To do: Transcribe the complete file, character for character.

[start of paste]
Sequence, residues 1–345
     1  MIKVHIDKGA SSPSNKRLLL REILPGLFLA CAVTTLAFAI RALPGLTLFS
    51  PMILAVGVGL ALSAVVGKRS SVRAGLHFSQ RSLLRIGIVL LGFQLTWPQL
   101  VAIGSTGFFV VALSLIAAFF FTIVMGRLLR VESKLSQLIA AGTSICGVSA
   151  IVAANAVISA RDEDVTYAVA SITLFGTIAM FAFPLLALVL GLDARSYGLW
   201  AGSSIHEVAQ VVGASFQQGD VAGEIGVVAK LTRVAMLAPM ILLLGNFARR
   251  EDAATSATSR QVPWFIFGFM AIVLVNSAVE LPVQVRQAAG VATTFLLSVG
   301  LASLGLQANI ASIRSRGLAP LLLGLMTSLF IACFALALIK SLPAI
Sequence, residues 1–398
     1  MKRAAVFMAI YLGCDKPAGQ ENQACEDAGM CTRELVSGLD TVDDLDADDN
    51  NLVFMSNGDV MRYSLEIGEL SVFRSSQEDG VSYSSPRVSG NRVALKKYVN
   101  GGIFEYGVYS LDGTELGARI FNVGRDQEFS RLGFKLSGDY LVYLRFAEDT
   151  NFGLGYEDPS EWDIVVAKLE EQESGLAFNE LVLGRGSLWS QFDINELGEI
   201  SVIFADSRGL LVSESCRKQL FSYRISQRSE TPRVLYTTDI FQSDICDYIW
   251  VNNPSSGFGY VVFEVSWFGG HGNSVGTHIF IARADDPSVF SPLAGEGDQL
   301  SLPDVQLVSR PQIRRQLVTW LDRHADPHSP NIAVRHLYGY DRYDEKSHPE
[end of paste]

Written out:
Sequence, residues 1–345
     1  MIKVHIDKGA SSPSNKRLLL REILPGLFLA CAVTTLAFAI RALPGLTLFS
    51  PMILAVGVGL ALSAVVGKRS SVRAGLHFSQ RSLLRIGIVL LGFQLTWPQL
   101  VAIGSTGFFV VALSLIAAFF FTIVMGRLLR VESKLSQLIA AGTSICGVSA
   151  IVAANAVISA RDEDVTYAVA SITLFGTIAM FAFPLLALVL GLDARSYGLW
   201  AGSSIHEVAQ VVGASFQQGD VAGEIGVVAK LTRVAMLAPM ILLLGNFARR
   251  EDAATSATSR QVPWFIFGFM AIVLVNSAVE LPVQVRQAAG VATTFLLSVG
   301  LASLGLQANI ASIRSRGLAP LLLGLMTSLF IACFALALIK SLPAI
Sequence, residues 1–398
     1  MKRAAVFMAI YLGCDKPAGQ ENQACEDAGM CTRELVSGLD TVDDLDADDN
    51  NLVFMSNGDV MRYSLEIGEL SVFRSSQEDG VSYSSPRVSG NRVALKKYVN
   101  GGIFEYGVYS LDGTELGARI FNVGRDQEFS RLGFKLSGDY LVYLRFAEDT
   151  NFGLGYEDPS EWDIVVAKLE EQESGLAFNE LVLGRGSLWS QFDINELGEI
   201  SVIFADSRGL LVSESCRKQL FSYRISQRSE TPRVLYTTDI FQSDICDYIW
   251  VNNPSSGFGY VVFEVSWFGG HGNSVGTHIF IARADDPSVF SPLAGEGDQL
   301  SLPDVQLVSR PQIRRQLVTW LDRHADPHSP NIAVRHLYGY DRYDEKSHPE